By Taylor Mullaney
When Ryan Hoch started teaching Algebra II in St. Louis five years ago, he found that his students were vastly unprepared for the futures they wanted.
“When they got to my class their junior year, 90 percent of my students told me that they wanted to go to college,” Hoch said. “They had specific universities in mind, like [Missouri], [Saint Louis University], WashU, different schools that were tough to get into. But then their average ACT was a 15, and the average GPA was a 2.5.”
By Lizz Giordano
Citizen scientists are leading astronomers to new clues about star formation.
Citizen scientist volunteers discovered the more than 900 mysterious bright yellow objects that became the subject of recent paper in the Astrophysical Journal. Continue reading
By Adriana Cargill
Chicago’s first permitted large-scale commercial green roof farm is set to open in the West Loop this summer. The two Chicago companies behind the project will begin planting in mid to late April. They hope this will be the start of something big.
According to City of Chicago Data from 2010, there is the equivalent of 95 football fields’ worth of green roofs in Chicago and that number grows every year.
By Meg Anderson
Young moms chatted between cloth diaper displays, with wide-eyed babies dangling and cooing in carriers. But amid the heady odor of lotion samples and soiled diapers, the threat of measles loomed in many minds at MommyCon, a natural parenting convention.
“Honestly, it pisses me off that we have to worry about it,” said Michelle Pizarro, 30, as she sat feeding eight-month-old Mila at the Feb. 21 convention in Rosemont.
By Beth Werge
Called the Partnership for Assessment of Readiness for College and Careers (PARCC), the tests are supposed to gauge student achievement and readiness for college and careers. But parents and administrators alike are concerned for their students’ well being.
By Dani Anguiano
Several health care professionals have said that a recently released CDC report, which revealed that on average, six people die from alcohol poisoning each day in the United States, while jarring – doesn’t show the full societal cost of excessive drinking.
According to the CDC report released earlier this year, researchers found that the majority of people dying are middle-aged, white males who aren’t alcoholics. Continue reading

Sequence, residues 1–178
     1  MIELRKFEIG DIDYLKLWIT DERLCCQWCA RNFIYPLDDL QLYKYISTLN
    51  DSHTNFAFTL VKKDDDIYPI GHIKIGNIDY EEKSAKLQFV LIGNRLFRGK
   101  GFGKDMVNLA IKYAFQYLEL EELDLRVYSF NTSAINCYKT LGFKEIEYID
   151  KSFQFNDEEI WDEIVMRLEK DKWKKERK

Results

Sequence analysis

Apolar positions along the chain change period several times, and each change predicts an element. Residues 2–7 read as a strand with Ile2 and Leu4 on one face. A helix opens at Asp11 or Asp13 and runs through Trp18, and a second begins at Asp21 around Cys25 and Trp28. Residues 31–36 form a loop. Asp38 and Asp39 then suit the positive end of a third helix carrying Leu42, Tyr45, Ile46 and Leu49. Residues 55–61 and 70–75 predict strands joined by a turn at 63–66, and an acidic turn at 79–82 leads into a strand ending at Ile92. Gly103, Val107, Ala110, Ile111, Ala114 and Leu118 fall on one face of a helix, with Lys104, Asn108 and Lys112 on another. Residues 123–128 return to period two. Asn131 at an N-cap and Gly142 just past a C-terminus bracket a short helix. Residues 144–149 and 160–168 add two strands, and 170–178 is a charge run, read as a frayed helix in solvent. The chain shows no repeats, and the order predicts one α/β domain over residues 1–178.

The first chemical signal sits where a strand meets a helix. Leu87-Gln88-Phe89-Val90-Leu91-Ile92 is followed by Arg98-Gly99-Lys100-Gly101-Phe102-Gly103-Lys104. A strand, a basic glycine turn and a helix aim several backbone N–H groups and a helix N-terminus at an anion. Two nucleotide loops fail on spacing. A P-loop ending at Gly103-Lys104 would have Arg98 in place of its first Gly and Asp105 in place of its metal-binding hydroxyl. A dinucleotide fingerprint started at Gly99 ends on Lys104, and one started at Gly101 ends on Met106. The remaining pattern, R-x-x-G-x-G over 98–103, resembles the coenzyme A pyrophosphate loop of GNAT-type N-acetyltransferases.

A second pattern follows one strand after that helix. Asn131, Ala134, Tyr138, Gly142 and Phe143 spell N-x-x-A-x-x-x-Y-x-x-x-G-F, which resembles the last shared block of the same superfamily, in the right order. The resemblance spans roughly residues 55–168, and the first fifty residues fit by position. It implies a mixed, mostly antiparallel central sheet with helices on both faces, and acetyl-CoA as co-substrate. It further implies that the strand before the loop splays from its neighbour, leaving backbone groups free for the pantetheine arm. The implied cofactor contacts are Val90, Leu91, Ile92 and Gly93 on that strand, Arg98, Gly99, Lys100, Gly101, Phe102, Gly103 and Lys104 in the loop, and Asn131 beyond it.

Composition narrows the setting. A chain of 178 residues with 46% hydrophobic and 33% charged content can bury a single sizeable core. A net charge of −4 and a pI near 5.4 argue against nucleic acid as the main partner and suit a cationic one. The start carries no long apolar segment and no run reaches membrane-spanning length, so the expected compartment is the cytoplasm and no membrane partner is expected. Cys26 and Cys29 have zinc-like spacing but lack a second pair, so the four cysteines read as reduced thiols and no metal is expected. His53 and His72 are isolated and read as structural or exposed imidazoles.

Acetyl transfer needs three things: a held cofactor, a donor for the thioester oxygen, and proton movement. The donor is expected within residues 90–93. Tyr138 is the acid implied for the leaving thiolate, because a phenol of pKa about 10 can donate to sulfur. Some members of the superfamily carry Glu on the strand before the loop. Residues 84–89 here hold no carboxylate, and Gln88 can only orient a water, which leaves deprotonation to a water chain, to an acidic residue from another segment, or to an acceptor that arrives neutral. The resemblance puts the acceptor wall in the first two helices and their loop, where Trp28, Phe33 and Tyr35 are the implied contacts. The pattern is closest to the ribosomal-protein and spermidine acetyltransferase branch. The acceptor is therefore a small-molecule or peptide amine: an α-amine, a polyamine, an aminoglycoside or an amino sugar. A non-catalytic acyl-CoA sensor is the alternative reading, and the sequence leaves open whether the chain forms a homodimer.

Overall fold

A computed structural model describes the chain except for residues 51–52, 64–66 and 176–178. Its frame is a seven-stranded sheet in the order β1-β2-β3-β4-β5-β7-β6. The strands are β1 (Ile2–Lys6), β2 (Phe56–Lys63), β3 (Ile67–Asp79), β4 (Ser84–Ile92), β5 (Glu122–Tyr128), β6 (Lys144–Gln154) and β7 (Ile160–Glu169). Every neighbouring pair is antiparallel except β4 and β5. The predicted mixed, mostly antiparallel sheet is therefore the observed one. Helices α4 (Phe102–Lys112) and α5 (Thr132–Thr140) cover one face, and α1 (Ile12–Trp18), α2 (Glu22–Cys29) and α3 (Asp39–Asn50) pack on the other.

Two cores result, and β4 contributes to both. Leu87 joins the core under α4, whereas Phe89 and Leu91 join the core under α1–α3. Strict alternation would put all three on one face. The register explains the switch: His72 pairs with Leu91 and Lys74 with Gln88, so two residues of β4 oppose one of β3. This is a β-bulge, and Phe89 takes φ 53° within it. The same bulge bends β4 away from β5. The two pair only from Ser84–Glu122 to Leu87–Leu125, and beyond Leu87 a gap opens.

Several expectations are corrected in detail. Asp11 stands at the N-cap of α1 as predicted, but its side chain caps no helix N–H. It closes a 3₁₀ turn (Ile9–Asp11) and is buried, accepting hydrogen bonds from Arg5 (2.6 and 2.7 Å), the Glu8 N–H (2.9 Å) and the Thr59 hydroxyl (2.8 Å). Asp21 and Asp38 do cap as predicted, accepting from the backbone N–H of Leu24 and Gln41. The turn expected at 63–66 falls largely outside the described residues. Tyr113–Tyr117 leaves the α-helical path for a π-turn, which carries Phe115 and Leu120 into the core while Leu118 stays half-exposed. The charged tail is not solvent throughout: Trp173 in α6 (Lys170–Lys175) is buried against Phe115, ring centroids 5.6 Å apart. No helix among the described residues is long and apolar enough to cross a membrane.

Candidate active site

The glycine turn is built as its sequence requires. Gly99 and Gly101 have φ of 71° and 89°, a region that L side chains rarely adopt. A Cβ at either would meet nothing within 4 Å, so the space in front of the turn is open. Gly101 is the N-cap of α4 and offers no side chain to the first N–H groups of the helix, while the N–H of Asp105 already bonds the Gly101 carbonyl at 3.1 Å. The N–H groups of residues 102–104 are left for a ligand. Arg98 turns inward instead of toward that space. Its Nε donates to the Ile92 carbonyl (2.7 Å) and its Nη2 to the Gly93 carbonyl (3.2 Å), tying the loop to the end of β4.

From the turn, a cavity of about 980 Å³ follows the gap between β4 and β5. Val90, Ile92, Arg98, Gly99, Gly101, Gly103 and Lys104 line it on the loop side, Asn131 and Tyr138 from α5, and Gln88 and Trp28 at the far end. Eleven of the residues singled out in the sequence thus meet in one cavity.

By Kate Morrissey
Despite the snow that rattled rush-hour drivers Wednesday evening, the Phoenix Restaurant hosted a who’s who of Chinatown’s business and political leaders for one of the many celebrations of Chinese New Year happening across Chicago.
Chinese New Year, more accurately referred to as Lunar New Year, began Thursday, and, according to Raymond Chin, the chairman of the Chinatown Chamber of Commerce and Wednesday’s host, the parties can last up to a month. In Chicago the celebrations have spread beyond Chinatown’s borders and include a diverse community, which Chin said has contributed to Chinatown’s growth.
By Phoebe Tollefson
The 2015 reincarnation of a contentious bill that came out last spring, which would shift money away from wealthier school districts and move it into poorer ones, has entered the Springfield pipeline, but opposition and confusion about financial impact means the next steps will be slow.
Senate Bill 1 amends the state education funding formula with the aim of providing more money to districts with low-income, special education and English language learning students. Supporters of the legislation say it’s needed to address major district-by-district educational inequalities in Illinois. Continue reading
By Bethel Habte
With oil prices at historic lows, consumers could pad their pockets with money they’re saving at the pump. While many economists predicted stronger consumer spending in areas like retail with this gas windfall, drivers have other financial priorities in mind.
The U.S. Energy Information Administration forecasts that the average U.S. consumer will spend nearly $550 less on gas in 2015 than in 2014. Meanwhile, a U.S. Department of Commerce report released this month showed that personal income increased $41.3 billion, or 0.3 percent, in December and a total of 3.9 percent in 2014 compared with 2.0 percent in 2013.
By Sarah Kramer and Lizz Giordano
Residents of Chicago’s 10th Ward voted overwhelmingly on Tuesday to ban the storage of petroleum coke, a byproduct of the oil refining process.
Nearly 86 percent of voters favored the ban in Chicago’s Southeast Side 10th Ward. The referendum vote is non-binding, but it’s another loss for Koch Industries-owned KCBX Terminals Company, which has been engaged in a battle with City Hall over the handling of the dusty black piles. Continue reading